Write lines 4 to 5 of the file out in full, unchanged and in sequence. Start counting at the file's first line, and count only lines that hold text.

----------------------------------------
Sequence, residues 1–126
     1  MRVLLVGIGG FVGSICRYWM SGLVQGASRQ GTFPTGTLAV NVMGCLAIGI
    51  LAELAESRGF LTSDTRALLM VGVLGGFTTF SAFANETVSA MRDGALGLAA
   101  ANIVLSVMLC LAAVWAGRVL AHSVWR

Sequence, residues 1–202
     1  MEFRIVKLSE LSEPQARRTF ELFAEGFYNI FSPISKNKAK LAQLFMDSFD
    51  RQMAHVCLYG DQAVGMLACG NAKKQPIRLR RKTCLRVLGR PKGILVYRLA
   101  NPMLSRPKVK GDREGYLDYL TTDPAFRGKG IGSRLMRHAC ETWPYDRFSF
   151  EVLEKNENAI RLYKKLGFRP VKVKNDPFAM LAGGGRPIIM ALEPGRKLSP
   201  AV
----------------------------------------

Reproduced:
   101  ANIVLSVMLC LAAVWAGRVL AHSVWR

Sequence, residues 1–202